This sample (n=115) of patients with moderate to severe COPD was primarily Caucasian (85%) and well-educated with 69% having at least some college education. Table 1 shows the sample characteristics according to GSRH. While there were no significant differences in pulmonary function between subjects who reported good and poor health, those with poor health had higher BODE scores (+1.2 points, p<.001). Subjects who reported poor health were significantly younger, had more severe dyspnea, fatigue, and depressed mood, had worse physical and mental functioning and covered less distance on the six minute walk test, and had lower confidence in their ability to manage their COPD compared to subjects who reported good health (all, p≤.05). The differences between groups in depressed mood (≥16: high depression risk) and confidence for managing COPD (>2.0 points) met accepted benchmarks for clinical significance (Radloff, 1977; Guyatt et al., 1999).
A correlation matrix of the independent variables that had significant univariate associations with GSRH is presented in Table 2. The correlations among these variables were generally in the small to moderate range, but as theoretically expected was higher between CESD depressed mood and the SF-36 mental component (r=−.69). Dyspnea with ADL measured by the SOBQ had a moderate correlation with the BODE index (r=.51) and the SF-36 physical component (r=−.54). The SF-36 mental health component was excluded from the regression models due to its high collinearity with the CESD. CRQ Dyspnea was excluded because of the marginal differences in the univariate analysis between subjects who reported poor and good health. Finally, the six minute walk test was not included since the scores were already integrated in the BODE index.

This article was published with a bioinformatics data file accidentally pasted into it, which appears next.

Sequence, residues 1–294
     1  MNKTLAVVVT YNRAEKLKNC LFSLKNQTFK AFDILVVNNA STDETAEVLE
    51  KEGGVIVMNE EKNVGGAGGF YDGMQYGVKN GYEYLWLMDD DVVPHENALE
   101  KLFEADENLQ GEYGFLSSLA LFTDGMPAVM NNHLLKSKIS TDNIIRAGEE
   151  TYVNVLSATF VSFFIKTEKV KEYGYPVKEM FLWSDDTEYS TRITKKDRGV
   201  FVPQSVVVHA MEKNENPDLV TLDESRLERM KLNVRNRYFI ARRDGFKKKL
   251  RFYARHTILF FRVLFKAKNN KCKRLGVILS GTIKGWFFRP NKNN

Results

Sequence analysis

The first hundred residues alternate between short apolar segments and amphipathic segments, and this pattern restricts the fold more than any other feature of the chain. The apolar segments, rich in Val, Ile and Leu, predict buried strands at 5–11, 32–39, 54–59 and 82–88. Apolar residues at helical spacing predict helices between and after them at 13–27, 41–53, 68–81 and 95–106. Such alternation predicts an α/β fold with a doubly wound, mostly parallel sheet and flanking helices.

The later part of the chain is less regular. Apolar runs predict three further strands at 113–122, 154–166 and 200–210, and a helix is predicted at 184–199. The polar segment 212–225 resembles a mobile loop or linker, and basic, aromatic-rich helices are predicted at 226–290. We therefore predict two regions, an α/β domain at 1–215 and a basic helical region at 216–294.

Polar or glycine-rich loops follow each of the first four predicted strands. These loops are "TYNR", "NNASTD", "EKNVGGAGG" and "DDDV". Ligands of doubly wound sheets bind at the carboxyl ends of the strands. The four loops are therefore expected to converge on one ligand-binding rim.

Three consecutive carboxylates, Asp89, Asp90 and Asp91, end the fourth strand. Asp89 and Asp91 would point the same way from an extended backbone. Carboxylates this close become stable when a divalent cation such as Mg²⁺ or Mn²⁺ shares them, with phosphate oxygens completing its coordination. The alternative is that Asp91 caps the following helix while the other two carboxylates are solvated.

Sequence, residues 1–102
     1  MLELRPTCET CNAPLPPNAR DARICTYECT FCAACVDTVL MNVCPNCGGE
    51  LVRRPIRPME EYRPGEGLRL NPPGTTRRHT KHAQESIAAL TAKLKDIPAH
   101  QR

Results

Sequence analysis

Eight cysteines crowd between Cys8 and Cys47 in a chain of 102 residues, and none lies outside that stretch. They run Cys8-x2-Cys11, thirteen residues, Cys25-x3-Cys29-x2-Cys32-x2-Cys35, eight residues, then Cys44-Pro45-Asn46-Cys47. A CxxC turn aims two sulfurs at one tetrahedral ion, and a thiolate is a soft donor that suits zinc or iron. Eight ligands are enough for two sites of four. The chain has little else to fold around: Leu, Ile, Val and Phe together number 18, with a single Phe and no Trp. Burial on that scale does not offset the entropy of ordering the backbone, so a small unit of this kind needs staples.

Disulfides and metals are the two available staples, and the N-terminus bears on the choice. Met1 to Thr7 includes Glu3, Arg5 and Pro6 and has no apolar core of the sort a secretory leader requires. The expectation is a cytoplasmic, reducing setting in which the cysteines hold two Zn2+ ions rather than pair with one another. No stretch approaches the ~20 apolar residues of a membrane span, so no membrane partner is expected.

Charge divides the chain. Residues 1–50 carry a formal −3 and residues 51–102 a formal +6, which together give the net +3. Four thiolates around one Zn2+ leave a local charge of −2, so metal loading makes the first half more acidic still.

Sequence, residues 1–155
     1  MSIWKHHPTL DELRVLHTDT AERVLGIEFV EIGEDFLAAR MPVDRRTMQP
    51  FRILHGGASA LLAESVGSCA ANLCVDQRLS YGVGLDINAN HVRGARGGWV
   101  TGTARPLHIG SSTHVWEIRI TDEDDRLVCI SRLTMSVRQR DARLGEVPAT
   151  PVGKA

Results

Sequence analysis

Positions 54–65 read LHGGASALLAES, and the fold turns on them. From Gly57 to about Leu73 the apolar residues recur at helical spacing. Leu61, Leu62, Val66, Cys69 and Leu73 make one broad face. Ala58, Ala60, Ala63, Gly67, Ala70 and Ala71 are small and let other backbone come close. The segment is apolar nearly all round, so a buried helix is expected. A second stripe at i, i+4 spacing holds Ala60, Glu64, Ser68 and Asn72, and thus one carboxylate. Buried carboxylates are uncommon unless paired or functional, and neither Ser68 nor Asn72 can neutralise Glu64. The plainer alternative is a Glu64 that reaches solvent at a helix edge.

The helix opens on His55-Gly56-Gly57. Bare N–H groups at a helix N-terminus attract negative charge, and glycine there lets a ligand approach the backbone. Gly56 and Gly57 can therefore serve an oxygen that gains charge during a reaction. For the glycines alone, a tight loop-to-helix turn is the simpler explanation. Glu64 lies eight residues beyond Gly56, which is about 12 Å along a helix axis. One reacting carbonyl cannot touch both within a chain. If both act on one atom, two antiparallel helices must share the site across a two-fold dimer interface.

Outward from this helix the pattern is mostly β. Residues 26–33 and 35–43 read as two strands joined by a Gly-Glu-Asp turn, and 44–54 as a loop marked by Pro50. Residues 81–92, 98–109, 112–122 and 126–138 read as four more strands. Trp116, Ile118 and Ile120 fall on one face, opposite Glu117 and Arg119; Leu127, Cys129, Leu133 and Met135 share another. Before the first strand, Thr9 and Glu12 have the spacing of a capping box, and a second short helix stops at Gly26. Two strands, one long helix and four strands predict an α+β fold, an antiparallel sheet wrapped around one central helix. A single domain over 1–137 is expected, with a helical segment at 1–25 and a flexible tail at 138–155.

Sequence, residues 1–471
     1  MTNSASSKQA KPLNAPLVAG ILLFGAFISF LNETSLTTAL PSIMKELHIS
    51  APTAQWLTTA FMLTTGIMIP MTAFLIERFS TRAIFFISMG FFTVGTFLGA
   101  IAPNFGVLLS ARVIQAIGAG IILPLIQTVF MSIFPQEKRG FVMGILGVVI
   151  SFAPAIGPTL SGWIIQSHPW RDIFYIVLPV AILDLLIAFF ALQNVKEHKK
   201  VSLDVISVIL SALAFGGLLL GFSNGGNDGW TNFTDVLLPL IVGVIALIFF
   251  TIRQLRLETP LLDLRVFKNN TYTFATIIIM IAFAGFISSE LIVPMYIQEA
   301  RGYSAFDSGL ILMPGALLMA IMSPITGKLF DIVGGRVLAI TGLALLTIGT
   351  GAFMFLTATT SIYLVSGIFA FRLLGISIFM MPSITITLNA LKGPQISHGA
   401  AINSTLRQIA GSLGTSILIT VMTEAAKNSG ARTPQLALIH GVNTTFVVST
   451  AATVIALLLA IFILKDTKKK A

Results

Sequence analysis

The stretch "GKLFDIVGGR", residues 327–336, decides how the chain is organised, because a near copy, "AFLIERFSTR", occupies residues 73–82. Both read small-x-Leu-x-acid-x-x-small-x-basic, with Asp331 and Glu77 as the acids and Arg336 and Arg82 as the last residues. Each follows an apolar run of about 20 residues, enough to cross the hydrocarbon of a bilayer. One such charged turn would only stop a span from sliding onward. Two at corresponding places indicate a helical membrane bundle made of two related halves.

Results from the stepwise multivariate logistic regression analysis are shown in Table 3. Across all three models, subjects with higher BODE scores, a composite measure of disease severity, had significantly greater risk of rating their health as poor compared to those with lower scores (Odds Ratio, OR, 1.52 to 1.62, p<.05). In the second model, subjects with less fatigue had a 12% lower risk of perceiving poor health, [OR 0.88 (95% Confidence Interval, CI, 0.79, 0.99)]. The independent effect of fatigue on GSRH was attenuated in the final model that included mastery and physical functioning. Dyspnea, depressed mood, physical functioning, and mastery were not significantly associated with GSRH in the final model for all subjects. Effect modification by gender was best depicted in this final model. For women, greater perception of mastery was significantly associated with good health [OR 0.83 (95%CI, 0.70, 0.98)]. In contrast, it was disease severity measured with the BODE index that was strongly associated with poor health in men [OR 2.53(95%CI, 1.40, 4.58)].